By Al Graham
I have not heard a word from my friend Silent since he was deployed in August. He is in a hostile land defending his country, and in particular, the lives of those in combat. He has fought many a fray; he fought and he won. He is called when our troops are plagued by enemy sniper fire. He is the antidote and/or the cure.
It is hot as hell in a dusty, Afghan village. An enemy “Super Sniper” proudly wears a gruesome merit badge signifying “Top Dog” status awarded for dissembling the lives of young Americans by the score. Today another young Marine will be felled from far off by a remorseless assassin.
Silent has been tasked to “terminate with extreme prejudice”, and he will do just that. The hunt is on; and if past record is lived out, Silent will bring down his quarry in bulk. Silent is also “Top Dog” in his field. Even now after eight deployments and many close calls, he excels. Not long ago, he lost his left hand in a training accident; and to all, it looked like the end of his career. Silent had other ideas. Even before he had fully healed, he was back with a determined vengeance.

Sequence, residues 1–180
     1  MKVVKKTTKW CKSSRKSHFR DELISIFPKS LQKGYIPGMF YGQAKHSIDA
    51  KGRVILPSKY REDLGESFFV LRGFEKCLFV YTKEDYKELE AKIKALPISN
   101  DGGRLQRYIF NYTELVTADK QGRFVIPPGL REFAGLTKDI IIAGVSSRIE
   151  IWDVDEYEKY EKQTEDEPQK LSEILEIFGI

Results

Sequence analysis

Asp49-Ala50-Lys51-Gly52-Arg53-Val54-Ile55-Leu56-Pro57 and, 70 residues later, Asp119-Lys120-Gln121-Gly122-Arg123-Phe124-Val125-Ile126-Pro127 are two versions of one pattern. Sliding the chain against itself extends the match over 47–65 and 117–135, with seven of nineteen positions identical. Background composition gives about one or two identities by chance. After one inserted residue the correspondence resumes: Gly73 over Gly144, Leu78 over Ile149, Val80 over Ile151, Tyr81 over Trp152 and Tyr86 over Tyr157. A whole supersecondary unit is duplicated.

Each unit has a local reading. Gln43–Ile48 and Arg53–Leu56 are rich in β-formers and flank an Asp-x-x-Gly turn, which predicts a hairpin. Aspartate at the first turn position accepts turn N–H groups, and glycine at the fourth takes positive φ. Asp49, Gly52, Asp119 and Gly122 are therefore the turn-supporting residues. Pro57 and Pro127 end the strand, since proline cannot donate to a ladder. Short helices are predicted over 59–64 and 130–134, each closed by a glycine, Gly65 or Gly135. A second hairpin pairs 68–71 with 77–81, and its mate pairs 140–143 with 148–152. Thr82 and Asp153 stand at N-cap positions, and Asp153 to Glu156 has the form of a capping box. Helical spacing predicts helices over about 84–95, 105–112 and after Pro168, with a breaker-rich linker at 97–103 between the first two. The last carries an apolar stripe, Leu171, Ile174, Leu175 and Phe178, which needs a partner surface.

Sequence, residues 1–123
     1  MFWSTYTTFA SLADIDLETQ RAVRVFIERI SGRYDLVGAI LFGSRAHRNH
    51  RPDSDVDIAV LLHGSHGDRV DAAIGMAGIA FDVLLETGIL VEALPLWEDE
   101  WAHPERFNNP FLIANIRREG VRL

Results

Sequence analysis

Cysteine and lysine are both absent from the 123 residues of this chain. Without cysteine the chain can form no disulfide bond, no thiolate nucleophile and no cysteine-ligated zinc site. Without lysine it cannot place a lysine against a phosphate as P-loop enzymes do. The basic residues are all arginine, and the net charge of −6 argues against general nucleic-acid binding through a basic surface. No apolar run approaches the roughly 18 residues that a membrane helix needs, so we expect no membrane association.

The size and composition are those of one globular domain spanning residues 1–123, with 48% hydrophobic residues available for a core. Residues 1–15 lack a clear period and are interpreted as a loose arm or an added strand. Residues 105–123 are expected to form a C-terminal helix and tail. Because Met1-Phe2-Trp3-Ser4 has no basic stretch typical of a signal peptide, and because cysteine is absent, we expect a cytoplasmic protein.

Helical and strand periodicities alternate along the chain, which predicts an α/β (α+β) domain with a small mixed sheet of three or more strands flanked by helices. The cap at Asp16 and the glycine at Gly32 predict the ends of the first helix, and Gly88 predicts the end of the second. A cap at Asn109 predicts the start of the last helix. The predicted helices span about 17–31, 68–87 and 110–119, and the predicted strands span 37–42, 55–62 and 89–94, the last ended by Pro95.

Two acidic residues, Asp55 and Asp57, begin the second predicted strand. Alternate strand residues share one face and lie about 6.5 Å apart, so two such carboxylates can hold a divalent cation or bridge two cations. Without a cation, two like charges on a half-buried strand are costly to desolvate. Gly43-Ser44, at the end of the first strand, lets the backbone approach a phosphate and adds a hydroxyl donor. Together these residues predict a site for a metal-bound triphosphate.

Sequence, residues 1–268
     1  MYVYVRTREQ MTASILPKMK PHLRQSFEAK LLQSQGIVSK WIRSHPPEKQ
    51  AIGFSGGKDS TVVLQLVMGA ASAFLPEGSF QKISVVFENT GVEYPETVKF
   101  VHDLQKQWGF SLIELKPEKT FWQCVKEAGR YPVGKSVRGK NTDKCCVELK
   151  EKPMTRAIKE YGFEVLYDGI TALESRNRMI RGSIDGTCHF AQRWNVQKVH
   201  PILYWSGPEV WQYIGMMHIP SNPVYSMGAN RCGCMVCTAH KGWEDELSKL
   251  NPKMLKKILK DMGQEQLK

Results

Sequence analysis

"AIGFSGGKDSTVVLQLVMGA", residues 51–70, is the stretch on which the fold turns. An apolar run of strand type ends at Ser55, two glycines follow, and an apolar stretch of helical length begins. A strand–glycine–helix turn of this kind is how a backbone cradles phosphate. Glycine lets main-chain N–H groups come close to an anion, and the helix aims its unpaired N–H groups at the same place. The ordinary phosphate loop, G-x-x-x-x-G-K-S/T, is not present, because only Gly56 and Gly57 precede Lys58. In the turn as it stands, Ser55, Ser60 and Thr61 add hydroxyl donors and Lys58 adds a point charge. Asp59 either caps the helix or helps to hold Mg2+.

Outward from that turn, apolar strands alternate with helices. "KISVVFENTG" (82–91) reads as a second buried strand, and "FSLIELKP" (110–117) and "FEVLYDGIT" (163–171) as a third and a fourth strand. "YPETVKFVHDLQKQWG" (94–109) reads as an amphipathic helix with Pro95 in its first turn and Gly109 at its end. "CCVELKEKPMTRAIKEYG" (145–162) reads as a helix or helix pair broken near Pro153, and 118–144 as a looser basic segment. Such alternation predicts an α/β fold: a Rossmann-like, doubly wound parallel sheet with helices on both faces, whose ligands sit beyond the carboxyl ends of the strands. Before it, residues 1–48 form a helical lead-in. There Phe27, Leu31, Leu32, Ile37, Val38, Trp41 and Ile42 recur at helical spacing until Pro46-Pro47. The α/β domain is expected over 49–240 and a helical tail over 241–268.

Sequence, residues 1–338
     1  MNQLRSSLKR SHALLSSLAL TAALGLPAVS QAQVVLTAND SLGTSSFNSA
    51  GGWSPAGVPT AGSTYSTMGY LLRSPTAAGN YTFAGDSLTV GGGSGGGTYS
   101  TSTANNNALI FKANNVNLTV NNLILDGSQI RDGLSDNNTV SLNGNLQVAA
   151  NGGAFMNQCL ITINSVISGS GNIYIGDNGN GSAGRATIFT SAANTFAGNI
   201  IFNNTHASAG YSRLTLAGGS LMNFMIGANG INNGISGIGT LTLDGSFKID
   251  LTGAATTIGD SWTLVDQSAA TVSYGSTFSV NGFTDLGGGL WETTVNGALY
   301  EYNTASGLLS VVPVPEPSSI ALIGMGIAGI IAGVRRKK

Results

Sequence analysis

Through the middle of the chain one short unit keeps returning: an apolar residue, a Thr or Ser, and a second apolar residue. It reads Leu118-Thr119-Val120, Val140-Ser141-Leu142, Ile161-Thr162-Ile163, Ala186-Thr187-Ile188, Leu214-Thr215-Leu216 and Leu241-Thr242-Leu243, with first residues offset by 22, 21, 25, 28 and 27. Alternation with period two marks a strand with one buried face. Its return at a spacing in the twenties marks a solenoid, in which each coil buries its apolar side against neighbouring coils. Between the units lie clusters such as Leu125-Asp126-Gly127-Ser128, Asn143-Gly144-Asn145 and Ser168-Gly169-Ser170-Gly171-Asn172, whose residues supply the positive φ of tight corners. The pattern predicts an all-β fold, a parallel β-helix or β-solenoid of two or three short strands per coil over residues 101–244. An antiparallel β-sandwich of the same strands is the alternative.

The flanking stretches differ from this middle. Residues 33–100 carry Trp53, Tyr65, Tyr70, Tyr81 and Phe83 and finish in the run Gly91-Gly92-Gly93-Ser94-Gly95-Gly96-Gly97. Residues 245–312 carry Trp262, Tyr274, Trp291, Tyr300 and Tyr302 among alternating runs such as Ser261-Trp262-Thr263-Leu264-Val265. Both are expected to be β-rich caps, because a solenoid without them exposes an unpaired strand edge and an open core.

It takes two hands to do Silent’s highly specialized job. He does it with one hand and one hook — a device he fashioned for himself from leather and steel. At nine a.m., Silent is half buried in the ground. He has been there for two days waiting and watching. He tells of an unseen and foreboding presence – a just before presence of every encounter. Hairs on the back of his neck bristle and all becomes deathly silent. In that awesome stillness lies a tension that could smash steel, but it is encased in serene assuredness; and Silent is about to drop the curtain bringing an end to this deathly minuet.